The Egyptian Arab: No place like home

Egyptian actor Ahmed Helmy knows his craft and cares about it. The actor, known for picking original ideas and developing a well-made film from them, has his latest project “Assal Esweed” (Molasses), in Egyptian cinemas now to be screened, and thus far Helmy is staying consistent in his work with recieving rave reviews.

In his current film out in theatres,  Helmy plays “Masry el-Arabi,” or the Egyptian Arab, a native Egyptian who moved to the United States in his early years, later to return to his mother country in search of his roots, carrying nothing much but a camera, an American passport and a vague memory in his mind of what used to be his childhood playground.

Faced with possibly every con thrown into foreigner’s faces when they come to Egypt, Masry eventually figures out his American passport is the only thing that will bring him respect on Egyptian soil. Indeed, his passport grants him the rights he had longed for, but these don’t come without consequences.

“Masry el-Arabi” takes the form of a great satire that brings humor to the screen while refraining from the usual cliches of Egyptian cinema: oneliners from hash-smoking characters, unbearable love-story arcs, or cackling super-villains.

Instead the characters in the film resemble average Egyptians that everyone comes across daily, displaying all their flaws and virtues. The taxi driver is a typical example, whose character switches from the swindler to the saved when Helmy stands up for him against a corrupt policeman that unfairly files him a traffic ticket.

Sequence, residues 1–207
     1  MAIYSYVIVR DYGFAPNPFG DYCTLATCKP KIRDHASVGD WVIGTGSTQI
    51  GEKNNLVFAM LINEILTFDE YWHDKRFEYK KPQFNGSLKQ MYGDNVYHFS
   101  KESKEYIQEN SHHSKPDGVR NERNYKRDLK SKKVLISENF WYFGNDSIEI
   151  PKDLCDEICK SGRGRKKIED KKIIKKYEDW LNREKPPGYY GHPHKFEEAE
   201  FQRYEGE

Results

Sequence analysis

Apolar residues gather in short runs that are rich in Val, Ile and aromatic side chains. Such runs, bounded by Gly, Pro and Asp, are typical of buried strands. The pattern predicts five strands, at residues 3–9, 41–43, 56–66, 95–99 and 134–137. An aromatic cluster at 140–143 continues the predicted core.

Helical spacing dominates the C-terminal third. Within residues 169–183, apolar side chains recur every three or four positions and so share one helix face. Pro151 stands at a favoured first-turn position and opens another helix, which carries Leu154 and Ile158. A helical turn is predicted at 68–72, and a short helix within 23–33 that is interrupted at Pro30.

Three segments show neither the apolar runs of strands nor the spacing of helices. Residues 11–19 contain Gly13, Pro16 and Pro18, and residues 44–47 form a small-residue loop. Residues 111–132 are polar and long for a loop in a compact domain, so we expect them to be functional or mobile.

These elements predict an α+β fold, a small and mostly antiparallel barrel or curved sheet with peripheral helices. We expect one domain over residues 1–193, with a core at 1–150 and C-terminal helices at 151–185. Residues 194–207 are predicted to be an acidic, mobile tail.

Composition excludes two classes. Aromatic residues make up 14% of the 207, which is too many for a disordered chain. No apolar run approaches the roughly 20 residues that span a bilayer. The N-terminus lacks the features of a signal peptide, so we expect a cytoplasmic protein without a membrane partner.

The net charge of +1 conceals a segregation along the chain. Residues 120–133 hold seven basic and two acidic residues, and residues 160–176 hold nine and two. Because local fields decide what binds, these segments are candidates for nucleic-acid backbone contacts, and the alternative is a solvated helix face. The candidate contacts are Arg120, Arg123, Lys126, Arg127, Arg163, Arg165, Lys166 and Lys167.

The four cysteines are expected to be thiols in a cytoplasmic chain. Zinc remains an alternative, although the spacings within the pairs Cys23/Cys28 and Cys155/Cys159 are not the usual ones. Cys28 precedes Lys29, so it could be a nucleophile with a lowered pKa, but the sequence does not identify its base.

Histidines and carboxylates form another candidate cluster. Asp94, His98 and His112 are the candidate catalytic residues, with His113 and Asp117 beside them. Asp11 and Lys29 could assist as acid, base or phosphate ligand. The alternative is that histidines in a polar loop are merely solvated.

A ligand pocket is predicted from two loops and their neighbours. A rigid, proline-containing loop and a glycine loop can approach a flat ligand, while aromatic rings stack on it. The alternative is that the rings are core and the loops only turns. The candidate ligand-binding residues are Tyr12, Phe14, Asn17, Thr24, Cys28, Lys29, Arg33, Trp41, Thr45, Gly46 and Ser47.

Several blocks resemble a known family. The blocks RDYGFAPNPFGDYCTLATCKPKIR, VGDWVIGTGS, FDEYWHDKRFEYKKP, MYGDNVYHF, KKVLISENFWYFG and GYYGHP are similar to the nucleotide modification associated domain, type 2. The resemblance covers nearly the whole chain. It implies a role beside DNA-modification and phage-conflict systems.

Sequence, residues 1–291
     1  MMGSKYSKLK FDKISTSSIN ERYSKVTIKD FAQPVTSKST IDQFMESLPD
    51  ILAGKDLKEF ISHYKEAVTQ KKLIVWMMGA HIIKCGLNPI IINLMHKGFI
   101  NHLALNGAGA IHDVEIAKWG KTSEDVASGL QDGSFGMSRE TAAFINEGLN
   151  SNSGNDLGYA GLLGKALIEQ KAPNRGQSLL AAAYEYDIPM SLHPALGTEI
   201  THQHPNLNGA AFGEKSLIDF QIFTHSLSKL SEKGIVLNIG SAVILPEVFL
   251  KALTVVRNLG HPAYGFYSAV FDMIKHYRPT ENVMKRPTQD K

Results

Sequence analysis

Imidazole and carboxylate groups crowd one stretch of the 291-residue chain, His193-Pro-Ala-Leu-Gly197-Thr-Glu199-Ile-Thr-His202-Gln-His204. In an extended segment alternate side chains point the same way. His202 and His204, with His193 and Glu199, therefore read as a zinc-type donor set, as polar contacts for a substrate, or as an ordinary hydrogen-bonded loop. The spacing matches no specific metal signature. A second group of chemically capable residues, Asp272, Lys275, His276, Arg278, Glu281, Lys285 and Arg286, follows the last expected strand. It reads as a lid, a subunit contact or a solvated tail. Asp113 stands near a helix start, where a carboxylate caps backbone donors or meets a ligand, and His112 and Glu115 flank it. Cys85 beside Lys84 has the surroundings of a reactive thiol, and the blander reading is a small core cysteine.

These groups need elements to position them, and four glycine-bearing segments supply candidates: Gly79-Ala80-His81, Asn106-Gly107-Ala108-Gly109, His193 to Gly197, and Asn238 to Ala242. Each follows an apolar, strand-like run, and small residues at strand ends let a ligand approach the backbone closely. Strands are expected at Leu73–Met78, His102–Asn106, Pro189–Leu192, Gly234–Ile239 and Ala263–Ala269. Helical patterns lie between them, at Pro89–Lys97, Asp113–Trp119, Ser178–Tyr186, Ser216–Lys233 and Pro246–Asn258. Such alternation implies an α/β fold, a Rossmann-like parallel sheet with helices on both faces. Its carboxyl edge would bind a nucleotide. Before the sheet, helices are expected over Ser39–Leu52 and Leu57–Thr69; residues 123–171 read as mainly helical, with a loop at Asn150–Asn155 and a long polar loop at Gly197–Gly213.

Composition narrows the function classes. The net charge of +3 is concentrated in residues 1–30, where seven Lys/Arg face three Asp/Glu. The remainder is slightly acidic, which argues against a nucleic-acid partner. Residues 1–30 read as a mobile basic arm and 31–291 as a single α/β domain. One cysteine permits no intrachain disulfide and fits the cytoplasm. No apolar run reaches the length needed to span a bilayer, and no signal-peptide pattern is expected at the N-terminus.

Throughout the film, the plot emphasizes Egyptians being kind at heart; delivering the message that misconduct is not among their genuine traits, and there is truly no place like Egypt; with all its contradictions and flaws.

Symbolism is used throughout the movie in crisp, quick-to-swallow spouts. When a police dog starts barking at Masry, he simply waves his American passport and silences the animal.

The soundtrack, with fresh, well-picked songs (lyrics by Baghat Amar and vocals by Reham Abdul Hakeem), runs in sync with the storyline. The film also features cameos from a variety of young, prominent actors that add some vibrancy to the screen.

As the first half of the film is witty, smart and well-planned, the second half suffers from various drawbacks.

The plot eventually turns into a morality play with the characters delivering speeches about the Egyptian mentality and all its controversies, featuring topics that range from passive aggression to ubiquitous apathy, an affliction that can only be solved by divine intervention. Helmy takes this opportunity to attack the socio-economic status of Egypt; an underlying cause for the negative behavior seen in Cairean society.

“Masry el-Arabi” is ultimately another satiric comedy that allows Egyptians to watch their daily pain on the screen and laugh it off. It leaves movie-goers with a knowledge that without a negative side, Egyptian society would not be so beautiful or intimate.

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